The project seeks to be the world’s first clinical trial of its kind by recreating the success of Timothy Ray Brown — the only living person ever to be completely cured of HIV, known as “the Berlin patient”.
Plans for the clinical trial were announced last week at a haematology conference in Valencia by Spain’s National Organisation of Transplants (ONT).
ONT has selected 157 donors that have a genetic mutation which allows them to resist HIV, ‘The Local’ reported.
“The Berlin patient”, Brown, was an HIV-positive American living in Berlin in 2006 when he was diagnosed with leukemia.
He needed a transplant to treat the cancer, so his doctor decided to use a donor with a certain cellular mutation that is resistant to HIV.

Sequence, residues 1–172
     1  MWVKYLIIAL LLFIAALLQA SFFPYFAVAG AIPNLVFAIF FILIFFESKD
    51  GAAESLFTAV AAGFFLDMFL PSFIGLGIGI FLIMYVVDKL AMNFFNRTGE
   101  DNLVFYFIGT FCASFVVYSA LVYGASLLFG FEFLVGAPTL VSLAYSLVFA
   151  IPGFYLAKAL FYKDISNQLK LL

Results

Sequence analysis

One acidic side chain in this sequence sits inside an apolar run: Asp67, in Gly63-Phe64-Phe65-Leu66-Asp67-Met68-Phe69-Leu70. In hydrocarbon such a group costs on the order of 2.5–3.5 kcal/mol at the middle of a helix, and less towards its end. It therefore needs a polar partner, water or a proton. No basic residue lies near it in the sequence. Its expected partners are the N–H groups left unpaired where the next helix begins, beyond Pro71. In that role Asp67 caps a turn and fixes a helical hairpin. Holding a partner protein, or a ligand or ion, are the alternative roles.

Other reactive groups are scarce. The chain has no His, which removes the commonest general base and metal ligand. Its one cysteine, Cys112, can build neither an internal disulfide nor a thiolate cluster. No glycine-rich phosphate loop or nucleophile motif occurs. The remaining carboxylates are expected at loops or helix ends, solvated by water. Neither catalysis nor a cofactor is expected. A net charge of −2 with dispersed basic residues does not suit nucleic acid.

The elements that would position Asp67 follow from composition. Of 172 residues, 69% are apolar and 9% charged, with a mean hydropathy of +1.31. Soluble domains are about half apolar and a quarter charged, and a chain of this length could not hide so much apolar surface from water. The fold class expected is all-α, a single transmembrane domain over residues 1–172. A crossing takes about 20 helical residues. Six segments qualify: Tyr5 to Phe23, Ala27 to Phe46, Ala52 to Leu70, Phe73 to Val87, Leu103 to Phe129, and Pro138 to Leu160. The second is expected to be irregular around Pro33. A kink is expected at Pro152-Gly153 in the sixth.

After Brown received two stem cell transplants from the donor’s bone marrow, his levels of HIV decreased dramatically.
He is now cancer-free and only traces of the virus can found, but they cannot reproduce.
Doctors last year said they successfully performed a similar procedure on a man in Barcelona with lymphoma, but he died of the cancer not long after and they were unable to verify whether the disappearance of the virus was long-term.
To see if Brown’s and the Barcelona patient’s cases can be replicated, the ONT project will look for HIV patients who also have leukemia, lymphoma, or similar illnesses.
The treatment will be more similar to that of the Barcelona patient because doctors will transplant umbilical cord blood into the patients, rather than Brown’s stem cell transplant procedure.
Doctors hope to begin treatments for the first patient between December and January in Madrid.